German envoy moved by religious service at church in Turkey

german-envoy-moved-by-religious-service-at-akdamar-church-2010-09-20_l2.jpgGermany’s Ambassador to Turkey Eckart Cuntz joins the Mass at the Surp Haç Church on Akdamar Island in Van on Sunday, alongside members of the local Armenian community and visiting religious figures. ‘I felt happy to be a part of a big community, not only of Armenians, but also with many people from Germany, Holland… You saw Christians, but you also saw Muslims, even in the church. I was very happy to see that,’ he says

German Ambassador to Turkey Eckart Cuntz (R) paid a visit to Van Governor Münir Karaloğlu during his visit to Surp Haç Church on Akdamar Island. AA photo

Germany’s ambassador to Turkey, actively supporting Turkish efforts to improve its religious freedoms record, joined several thousand pilgrims Sunday at an ancient island church in eastern Turkey to observe the first religious service held there since 1915.

“This was something very moving for me that now, after all these efforts, the cross was there and such a service could take place. I do think it is a positive step forward,” Ambassador Eckart Cuntz told the Hürriyet Daily News & Economic Review in an interview Monday. The German envoy also participated in festivities when the historic 10th century Surp Haç Church on Akdamar Island was reopened as a museum after renovations were completed in 2007.

Earlier this year, the Turkish government agreed to allow once-yearly worship in the church as a gesture to neighboring Armenia and the local ethnic Armenian community.

“There were so many thousands of people attending the Mass,” said Cuntz. “I saw cars coming from Armenia and Syria … It was really a great moment,” he added, sharing his impressions from the landmark service that was aired live on a number of Turkish news channels.

Cross problem

Turkey’s Armenian minority and visitors from Armenia and Georgia traveled to Akdamar Island for the service. Many others reportedly did not attend the service in a show of protest over the failure to erect a cross on top of the church as planned.

“Certainly we wished the cross would have been on top of the church because I have learned from the Armenian Christians that this is very important,” Cuntz told the Daily News. “Of course, it would be desirable.”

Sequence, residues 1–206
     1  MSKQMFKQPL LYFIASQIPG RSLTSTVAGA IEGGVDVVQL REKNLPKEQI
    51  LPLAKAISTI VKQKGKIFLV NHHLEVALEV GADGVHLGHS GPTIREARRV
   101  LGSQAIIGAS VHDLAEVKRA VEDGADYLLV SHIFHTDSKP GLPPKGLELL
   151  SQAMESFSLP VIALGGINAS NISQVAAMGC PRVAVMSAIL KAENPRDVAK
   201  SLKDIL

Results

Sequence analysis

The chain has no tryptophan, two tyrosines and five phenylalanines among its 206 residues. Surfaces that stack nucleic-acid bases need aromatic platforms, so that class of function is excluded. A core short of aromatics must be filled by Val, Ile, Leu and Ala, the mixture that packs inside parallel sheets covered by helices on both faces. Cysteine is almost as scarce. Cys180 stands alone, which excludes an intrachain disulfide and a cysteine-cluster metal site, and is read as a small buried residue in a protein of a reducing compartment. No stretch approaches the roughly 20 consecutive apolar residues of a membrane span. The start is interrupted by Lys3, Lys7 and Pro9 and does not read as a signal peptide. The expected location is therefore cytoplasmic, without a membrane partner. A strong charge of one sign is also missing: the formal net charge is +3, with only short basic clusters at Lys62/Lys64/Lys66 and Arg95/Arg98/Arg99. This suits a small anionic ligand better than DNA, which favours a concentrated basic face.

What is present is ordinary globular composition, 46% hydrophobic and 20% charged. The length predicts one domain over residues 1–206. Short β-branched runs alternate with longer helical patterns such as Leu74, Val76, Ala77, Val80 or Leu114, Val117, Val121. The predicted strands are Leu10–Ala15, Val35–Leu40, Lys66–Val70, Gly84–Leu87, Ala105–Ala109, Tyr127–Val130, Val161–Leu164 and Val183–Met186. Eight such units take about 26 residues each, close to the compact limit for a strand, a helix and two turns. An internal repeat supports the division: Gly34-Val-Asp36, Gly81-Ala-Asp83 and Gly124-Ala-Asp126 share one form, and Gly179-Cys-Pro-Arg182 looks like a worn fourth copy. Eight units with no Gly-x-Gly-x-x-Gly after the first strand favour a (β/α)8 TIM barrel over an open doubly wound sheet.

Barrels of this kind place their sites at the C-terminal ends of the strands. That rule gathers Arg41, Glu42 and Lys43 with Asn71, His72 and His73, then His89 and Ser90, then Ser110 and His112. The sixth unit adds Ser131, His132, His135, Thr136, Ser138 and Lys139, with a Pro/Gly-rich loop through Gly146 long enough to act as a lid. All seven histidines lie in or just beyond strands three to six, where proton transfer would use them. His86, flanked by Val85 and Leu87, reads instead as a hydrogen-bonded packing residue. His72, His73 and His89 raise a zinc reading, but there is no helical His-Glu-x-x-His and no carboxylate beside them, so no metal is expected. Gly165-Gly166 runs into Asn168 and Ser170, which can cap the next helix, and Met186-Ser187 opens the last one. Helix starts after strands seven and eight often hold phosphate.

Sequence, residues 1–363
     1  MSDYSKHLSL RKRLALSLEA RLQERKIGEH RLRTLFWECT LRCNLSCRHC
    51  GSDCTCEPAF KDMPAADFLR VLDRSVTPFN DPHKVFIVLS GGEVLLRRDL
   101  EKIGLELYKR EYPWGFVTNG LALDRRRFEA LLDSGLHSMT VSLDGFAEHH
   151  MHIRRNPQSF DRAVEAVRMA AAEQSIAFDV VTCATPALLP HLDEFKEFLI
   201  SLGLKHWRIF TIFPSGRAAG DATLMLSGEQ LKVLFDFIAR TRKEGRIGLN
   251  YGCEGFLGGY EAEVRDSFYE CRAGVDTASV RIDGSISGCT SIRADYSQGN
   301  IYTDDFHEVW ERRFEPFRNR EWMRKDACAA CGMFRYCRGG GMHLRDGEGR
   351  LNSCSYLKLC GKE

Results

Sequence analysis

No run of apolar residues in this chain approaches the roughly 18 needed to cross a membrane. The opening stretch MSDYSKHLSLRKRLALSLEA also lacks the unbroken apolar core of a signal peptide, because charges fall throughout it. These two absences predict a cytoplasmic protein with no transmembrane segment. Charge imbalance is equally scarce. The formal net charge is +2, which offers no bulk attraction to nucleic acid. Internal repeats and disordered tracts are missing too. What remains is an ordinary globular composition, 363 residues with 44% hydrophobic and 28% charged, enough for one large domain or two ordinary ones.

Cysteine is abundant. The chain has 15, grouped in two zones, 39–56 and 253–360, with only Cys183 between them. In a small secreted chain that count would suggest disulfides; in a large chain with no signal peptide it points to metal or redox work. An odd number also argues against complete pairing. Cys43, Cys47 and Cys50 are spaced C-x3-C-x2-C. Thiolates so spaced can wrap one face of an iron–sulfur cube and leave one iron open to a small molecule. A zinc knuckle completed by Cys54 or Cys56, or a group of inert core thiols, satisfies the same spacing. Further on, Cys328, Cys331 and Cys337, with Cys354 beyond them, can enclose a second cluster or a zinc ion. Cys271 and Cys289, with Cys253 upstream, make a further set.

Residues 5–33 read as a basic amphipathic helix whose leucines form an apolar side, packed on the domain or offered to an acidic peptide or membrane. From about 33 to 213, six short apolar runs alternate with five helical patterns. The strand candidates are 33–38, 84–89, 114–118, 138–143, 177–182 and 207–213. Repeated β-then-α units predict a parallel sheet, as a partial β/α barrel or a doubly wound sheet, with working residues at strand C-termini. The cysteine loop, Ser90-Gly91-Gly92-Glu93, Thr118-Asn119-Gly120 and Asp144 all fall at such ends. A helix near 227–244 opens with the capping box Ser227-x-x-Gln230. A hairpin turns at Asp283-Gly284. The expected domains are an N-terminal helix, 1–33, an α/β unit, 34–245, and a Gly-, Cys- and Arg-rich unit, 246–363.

Turkish officials postponed erecting the cross after the Sept. 12 nationwide referendum, citing technical difficulties. The cross was instead mounted on a platform outside the church for Sunday’s service.

“I think we should welcome this as a positive step and a symbol for religious freedom in Turkey,” said the German ambassador.

“Personally I felt happy to be a part of a big community of not only Armenians but also many people from Germany, Holland… You saw Christians but you also saw Muslims, even in the church. I was very happy to see that,” he said.

Europe closely monitors

Currently, Ankara is aiming to expand religious freedoms in order to bolster its bid to join the European Union.

When asked if he thought the opening of Surp Haç Church on Akdamar Island, as well as last month’s service at Trabzon’s Sümela Monastery following an 88-year ban, would reflect positively on an annual report regarding Turkey’s accession progress in November, Cuntz said, “This is the job of the [EU] Commission to write the report, but there has always been particular focus on the question of religious freedom.”

He emphasized that questions about Surp Haç Church and the Syriac monastery Mor Gabriel in the province of Mardin, in particular, always receive a high amount of attention from the European public, “because we are closely linked, because this is not just a question of the EU process but a question (of) how we can live together in this world, in Germany and in this country.”

“This is a question of common values, European values that we highly appreciate and respect.”

The ambassador expressed hope for progress on opening the Greek Orthodox Halki Seminary on an island off Istanbul and the St. Paul Catholic Church in Tarsus.

“That would all show something is moving in Turkey in the spirit of religious freedom,” said Cuntz.

Situation of St. Paul’s church in Tarsus

The envoy is especially following developments regarding the St. Paul’s church in Tarsus, which was open for pilgrims and worship during the 2008-2009 Mass, having traveled to the region with a German delegation a few months ago. He said after the church opened for the Mass, it’s administration was returned to the Culture Ministry.

“But they have a lot of pilgrims to hold these services whenever they want… Problems emerged because they asked for entrance fees, but the Ministry of Culture has abolished them, so I think we have a positive development and it has been noted in the German press,” said Cuntz.
“We certainly hope the building can definitely and permanently serve as a pilgrimage church. This is a question that remains to be decided, but I have [observed] progress.”